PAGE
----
How to spot potential pig butcher scams:
Scammers will create a false identity of a rich, single person or investment mentor that shows off their wealth in subtle ways. Look out for bad grammar and poor English, as well as unsolicited mentions of cryptocurrency and extreme wealth. Legitimate investors will not contact you through social media, by the way.
Pig butchering scams commonly occur over dating apps or WhatsApp, which are difficult to trace back to an original identity.
Scammers will never video chat with you. They also will try to get a sense of your current financial situation.
If you’ve received a suspicious email or text before, you know that scammers can easily pose as legitimate companies or services that you often use. These emails, often sent en masse to illegally obtained databases, will inform you that your account is at risk or otherwise compromised and that you need to “verify your login information.” The scammers will include a suspicious link that may install a virus or lead to a webpage set up to exactly mimic the login screen for a banking or crypto wallet site. The scammer will then obtain your information and compromise your account.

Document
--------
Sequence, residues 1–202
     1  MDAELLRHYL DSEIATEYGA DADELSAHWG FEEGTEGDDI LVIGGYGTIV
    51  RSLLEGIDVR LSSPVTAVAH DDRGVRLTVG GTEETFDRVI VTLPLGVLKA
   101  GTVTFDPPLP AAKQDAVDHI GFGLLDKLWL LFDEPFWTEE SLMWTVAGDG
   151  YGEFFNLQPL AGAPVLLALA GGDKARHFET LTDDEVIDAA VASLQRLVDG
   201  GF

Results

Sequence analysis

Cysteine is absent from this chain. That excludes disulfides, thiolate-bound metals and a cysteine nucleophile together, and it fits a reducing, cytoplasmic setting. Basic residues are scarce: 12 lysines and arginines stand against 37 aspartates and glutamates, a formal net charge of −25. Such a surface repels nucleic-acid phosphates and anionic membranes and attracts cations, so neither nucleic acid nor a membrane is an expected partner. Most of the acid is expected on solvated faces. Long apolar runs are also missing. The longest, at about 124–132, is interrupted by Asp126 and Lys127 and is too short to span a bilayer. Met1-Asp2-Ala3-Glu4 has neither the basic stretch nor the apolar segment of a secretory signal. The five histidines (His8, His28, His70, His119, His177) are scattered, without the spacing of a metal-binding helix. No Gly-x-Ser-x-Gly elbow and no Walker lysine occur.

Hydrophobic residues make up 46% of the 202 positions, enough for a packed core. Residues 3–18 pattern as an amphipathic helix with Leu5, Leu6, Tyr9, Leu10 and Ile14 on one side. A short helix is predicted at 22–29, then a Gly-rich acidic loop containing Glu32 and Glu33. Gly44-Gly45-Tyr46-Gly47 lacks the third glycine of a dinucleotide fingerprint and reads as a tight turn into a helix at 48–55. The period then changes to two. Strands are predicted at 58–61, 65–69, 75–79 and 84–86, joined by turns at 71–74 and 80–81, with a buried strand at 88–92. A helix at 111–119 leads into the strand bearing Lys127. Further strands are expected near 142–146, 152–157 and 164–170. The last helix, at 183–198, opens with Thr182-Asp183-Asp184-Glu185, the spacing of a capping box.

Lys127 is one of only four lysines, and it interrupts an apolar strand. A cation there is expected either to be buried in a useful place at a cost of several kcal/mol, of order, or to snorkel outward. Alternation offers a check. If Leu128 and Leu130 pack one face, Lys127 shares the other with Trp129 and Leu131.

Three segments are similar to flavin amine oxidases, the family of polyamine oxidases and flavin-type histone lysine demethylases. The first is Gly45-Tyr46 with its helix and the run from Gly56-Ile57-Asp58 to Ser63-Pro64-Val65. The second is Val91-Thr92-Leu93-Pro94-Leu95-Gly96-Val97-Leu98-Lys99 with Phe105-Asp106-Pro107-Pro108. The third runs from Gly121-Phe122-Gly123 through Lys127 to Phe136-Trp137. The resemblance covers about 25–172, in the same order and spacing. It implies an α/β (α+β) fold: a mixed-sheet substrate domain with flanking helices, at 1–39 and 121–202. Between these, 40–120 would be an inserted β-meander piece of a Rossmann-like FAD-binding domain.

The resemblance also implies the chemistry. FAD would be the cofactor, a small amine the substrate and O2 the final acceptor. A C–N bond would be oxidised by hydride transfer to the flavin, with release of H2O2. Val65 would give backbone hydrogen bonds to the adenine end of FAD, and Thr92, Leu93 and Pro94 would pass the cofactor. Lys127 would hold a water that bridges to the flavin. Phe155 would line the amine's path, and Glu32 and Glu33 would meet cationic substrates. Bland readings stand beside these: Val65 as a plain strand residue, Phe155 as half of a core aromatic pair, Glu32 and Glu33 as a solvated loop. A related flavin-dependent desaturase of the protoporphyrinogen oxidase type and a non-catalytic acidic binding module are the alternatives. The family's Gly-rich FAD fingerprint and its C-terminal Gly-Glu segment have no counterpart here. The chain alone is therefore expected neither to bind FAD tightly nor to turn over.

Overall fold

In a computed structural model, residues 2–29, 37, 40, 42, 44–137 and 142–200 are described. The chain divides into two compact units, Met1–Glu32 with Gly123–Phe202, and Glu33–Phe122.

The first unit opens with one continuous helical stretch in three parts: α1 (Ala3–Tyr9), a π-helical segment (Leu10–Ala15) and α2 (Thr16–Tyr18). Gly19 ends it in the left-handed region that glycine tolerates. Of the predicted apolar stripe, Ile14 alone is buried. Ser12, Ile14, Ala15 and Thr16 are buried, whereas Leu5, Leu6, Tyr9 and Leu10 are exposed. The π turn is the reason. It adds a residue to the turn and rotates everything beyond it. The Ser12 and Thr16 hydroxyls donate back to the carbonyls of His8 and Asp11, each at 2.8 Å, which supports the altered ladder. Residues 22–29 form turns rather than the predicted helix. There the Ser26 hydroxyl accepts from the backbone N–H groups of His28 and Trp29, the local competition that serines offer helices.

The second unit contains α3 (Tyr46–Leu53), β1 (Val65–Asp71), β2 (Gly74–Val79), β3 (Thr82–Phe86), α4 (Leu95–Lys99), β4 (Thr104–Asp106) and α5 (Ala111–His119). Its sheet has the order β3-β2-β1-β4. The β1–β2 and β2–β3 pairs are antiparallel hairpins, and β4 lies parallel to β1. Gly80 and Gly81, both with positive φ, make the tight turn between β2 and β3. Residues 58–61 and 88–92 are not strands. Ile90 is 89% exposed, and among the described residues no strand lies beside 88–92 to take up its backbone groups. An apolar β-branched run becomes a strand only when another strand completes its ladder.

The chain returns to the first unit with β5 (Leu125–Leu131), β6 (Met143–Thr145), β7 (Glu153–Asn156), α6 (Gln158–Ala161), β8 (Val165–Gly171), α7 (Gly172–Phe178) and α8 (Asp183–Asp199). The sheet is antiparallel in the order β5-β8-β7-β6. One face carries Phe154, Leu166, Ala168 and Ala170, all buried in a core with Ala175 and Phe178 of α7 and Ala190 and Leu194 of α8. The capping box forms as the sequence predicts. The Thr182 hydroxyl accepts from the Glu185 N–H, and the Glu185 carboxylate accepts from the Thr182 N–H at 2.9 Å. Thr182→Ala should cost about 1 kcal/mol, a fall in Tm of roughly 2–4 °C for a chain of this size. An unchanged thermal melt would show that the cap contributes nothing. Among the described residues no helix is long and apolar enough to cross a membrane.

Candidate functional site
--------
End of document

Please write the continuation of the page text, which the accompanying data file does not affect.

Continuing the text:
How to spot potential phishing scams:
Phishing emails may look official in the subject line, but will often be sent from a suspicious email address. The email address may look like a nonsensical collection of numbers and letters, or be set up to look very similar to an official company’s email. For example: [email protected]
Phishing scams will prompt you to click a suspicious link. Never click links from untrusted sources on your computer or mobile device.
Crypto exchanges and other websites will never ask for your login information directly. Always go directly to the wallet site, rather than through emails.
Reporting Potential Cryptocurrency Fraud Cases
If you spot a cryptocurrency scam or are contacted by a suspicious email, you can report fraud at reportfraud.ftc.gov or www.ic3.gov/Home/FileComplaint. If you want to learn more about cryptocurrency and other common scams, the Federal Trade Commission has an official article on the subject.
Remember to always be diligent while browsing the internet and to not be enticed by the fear of missing out. If you’re seriously interested in making money through cryptocurrency opportunities, do research beforehand in order to understand what makes a good crypto coin investment.